. Neuromuscular disorders: We are collaborating with neurologists, cardiologists and neuromuscular physicians to serve as a treatment site for clinical trials in these diseases. We are currently involved in trials of DMD and are working closely on setting up collaborations for studies in SMA.
Dr. Kurtzberg is an internationally renowned expert in pediatric hematology/oncology, pediatric blood and marrow transplantation, umbilical cord blood banking and transplantation, and novel applications of cord blood and birthing tissues in the emerging fields of cellular therapies and regenerative medicine. Dr. Kurtzberg serves as the Director of the Marcus Center for Cellular Cures (MC3), Director of the Pediatric Transplant and Cellular Therapy Program, Director of the Carolinas Cord Blood Bank, and Co-Director of the Stem Cell Transplant Laboratory at Duke University. The Carolinas Cord Blood Bank is an FDA licensed public cord blood bank distributing unrelated cord blood units for donors for hematopoietic stem cell transplantation (HSCT) through the CW Bill Young Cell Transplantation Program. The Robertson GMP Cell Manufacturing Laboratory supports manufacturing of RETHYMIC (BLA, Enzyvant, 2021), allogeneic cord tissue derived and bone marrow derived mesenchymal stromal cells (MSCs), and DUOC, a microglial/macrophage cell derived from cord blood.
Dr. Kurtzberg’s research in MC3 focuses on translational studies from bench to bedside, seeking to develop transformative clinical therapies using cells, tissues, molecules, genes, and biomaterials to treat diseases and injuries that currently lack effective treatments. Recent areas of investigation in MC3 include clinical trials investigating the safety and efficacy of autologous and allogeneic cord blood in children with neonatal brain injury – hypoxic ischemic encephalopathy (HIE), cerebral palsy (CP), and autism. Clinical trials testing allogeneic cord blood are also being conducted in adults with acute ischemic stroke. Clinical trials optimizing manufacturing and testing the safety and efficacy of cord tissue MSCs in children with autism, CP and HIE and adults with COVID-lung disease are underway. DUOC, given intrathecally, is under study in children with leukodystrophies and adults with primary progressive multiple sclerosis.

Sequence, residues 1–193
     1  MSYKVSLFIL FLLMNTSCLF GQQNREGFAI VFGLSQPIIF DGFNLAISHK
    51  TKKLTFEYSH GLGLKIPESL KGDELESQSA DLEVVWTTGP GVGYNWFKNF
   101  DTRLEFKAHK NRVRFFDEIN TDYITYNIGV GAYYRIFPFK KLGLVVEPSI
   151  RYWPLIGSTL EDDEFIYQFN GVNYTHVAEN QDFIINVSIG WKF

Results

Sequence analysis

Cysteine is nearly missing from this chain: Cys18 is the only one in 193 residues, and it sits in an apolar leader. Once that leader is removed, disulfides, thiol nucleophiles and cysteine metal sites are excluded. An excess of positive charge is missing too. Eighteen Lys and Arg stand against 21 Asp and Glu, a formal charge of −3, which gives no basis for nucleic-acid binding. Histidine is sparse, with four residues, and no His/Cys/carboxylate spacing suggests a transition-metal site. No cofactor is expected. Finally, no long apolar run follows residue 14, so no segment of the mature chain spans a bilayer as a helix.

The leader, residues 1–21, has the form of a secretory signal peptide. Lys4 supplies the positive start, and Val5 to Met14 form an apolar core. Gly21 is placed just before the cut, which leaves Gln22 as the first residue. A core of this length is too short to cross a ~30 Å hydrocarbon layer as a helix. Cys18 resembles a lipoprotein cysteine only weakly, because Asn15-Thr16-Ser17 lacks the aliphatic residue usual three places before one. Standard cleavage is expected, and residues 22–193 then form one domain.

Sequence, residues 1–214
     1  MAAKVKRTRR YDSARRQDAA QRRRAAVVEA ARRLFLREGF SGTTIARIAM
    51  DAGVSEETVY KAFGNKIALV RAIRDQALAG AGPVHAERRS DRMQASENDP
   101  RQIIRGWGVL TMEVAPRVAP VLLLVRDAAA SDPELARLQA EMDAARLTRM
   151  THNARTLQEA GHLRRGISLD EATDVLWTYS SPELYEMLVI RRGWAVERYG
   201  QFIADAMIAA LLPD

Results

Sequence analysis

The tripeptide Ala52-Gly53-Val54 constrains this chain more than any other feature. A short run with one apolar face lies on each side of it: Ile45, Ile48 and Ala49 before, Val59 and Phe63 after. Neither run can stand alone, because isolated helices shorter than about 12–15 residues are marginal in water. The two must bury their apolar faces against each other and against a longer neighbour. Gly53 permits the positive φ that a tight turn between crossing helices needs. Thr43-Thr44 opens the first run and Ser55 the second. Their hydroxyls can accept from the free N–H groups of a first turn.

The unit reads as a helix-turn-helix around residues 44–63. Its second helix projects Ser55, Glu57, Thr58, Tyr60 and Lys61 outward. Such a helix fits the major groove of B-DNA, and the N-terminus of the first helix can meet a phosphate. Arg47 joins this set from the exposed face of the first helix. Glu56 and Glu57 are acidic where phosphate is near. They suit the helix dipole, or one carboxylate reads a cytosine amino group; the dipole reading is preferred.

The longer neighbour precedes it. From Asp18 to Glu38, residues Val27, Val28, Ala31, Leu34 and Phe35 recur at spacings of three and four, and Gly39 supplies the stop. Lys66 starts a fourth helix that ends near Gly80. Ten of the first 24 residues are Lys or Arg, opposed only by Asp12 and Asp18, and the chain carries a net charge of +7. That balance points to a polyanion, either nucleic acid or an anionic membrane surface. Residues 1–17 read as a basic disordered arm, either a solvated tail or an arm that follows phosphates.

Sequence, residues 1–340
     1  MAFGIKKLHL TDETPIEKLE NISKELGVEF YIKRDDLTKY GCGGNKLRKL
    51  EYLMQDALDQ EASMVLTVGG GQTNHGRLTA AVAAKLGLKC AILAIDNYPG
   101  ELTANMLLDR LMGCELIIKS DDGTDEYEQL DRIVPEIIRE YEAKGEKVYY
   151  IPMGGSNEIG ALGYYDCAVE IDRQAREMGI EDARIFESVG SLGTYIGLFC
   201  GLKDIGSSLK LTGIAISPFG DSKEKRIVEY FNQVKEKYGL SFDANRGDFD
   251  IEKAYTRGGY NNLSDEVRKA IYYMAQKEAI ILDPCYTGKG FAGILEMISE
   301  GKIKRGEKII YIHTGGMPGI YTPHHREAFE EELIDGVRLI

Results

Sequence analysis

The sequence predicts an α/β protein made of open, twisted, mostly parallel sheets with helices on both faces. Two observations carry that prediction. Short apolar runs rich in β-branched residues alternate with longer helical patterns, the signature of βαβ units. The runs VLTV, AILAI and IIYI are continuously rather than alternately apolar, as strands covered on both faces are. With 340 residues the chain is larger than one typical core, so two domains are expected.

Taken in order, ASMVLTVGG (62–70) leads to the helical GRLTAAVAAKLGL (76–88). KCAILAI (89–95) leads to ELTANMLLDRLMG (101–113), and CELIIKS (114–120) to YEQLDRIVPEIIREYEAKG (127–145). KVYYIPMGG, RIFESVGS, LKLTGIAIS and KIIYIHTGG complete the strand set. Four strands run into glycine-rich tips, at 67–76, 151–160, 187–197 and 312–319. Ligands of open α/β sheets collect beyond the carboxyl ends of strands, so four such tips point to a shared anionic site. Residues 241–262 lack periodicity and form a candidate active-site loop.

In the past, Dr. Kurtzberg has developed novel chemotherapeutic drugs for acute leukemias, assays enumerating ALDH bright cells to predict cord blood unit potency, methods of cord blood expansion, potency assays for targeted cell and tissue based therapies. Dr. Kurtzberg currently holds several INDs for investigational clinical trials from the FDA. She has also trained numerous medical students, residents, clinical and post-doctoral fellows over the course of her career.